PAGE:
At the end of November, I traveled to the German city of Stuttgart for a literary talk show. Television and literature are not exactly a match made in heaven, but in some countries there is still room for television shows that focus exclusively on literature. What’s more, the German government subsidizes the show.
Since money didn’t seem to be an issue, the television show put me in a rather swanky hotel. I could sleep a few hours to overcome my jetlag.
I was reminded of the spring of 2000, when I traveled at my own expense to California. The trip was for a small book tour to promote my second novel that had just been published in the U.S. After a short interview at a radio station in Berkeley, a woman at the station asked me, “You’re a writer aren’t you?”
“Yes,” I answered.
“And you’re traveling at your own expense?”
“Yes,” I answered again.
“Have another cup of coffee,” she said.
I don’t question the kindness of the woman at the radio station, and there’s nothing wrong with an author doing a book tour at his own expense. If necessary, I would do it again. But I have to admit that the thought that of German taxpayers shelling out for my king-size bed in Stuttgart gave me some satisfaction.
Around 8:30 that evening, I arrived at the theater where was the show was being taped. The other guest was the German playwright Tankred Dorst who is turning 85 this December. We chatted and then I was escorted to the makeup room.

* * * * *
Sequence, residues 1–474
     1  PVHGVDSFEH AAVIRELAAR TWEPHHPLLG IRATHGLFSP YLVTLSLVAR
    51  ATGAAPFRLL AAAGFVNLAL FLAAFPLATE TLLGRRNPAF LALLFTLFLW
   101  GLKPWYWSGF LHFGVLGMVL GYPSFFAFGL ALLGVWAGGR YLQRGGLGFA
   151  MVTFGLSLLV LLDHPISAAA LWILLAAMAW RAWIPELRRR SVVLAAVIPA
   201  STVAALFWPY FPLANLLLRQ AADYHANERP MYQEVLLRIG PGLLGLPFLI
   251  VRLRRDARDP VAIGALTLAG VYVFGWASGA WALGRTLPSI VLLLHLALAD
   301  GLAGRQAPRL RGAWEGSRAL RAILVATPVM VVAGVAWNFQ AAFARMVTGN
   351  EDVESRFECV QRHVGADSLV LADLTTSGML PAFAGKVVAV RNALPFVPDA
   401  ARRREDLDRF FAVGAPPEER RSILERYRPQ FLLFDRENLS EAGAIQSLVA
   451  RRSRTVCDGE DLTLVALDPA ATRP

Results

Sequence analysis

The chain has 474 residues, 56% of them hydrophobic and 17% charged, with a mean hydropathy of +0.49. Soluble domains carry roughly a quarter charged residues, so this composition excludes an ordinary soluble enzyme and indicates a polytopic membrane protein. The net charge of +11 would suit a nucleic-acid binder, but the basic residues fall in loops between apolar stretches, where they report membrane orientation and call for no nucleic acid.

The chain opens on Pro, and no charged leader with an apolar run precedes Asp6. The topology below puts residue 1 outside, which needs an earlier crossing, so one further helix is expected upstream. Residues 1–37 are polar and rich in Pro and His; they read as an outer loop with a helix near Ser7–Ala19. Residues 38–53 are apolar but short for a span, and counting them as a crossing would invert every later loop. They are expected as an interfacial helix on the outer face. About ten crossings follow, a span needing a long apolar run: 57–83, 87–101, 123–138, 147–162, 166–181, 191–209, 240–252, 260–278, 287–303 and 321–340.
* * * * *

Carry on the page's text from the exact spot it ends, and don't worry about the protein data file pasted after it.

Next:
The time it took the makeup artist to work on my face lasted nearly as long as long as the interview itself. Apparently the makeup artist took her art seriously.
The host was an intelligent and amiable woman, and the interview itself was painless.
After the taping of the show, the producer invited the host, the guest and a few other people to a lavish dinner.
Crisis or no crisis, in Germany good food and culture still go hand in hand. Around one o’clock in the morning, we were still drinking and eating dessert.
I was tired but I said to myself, “You’re not leaving before the 84-year-old playwright. If he can entertain people at one o’clock in the morning, the least you can do is finish your schnapps and be cheerful.”
We talked about literature and war–what else is there to talk about at such an occasion–and we returned to the hotel around two a.m.
I had a strong suspicion that the 84-year-old playwright was both willing and able to empty his mini-bar. And although the evening had been pleasant overall, it was now decidedly tinged with jealousy.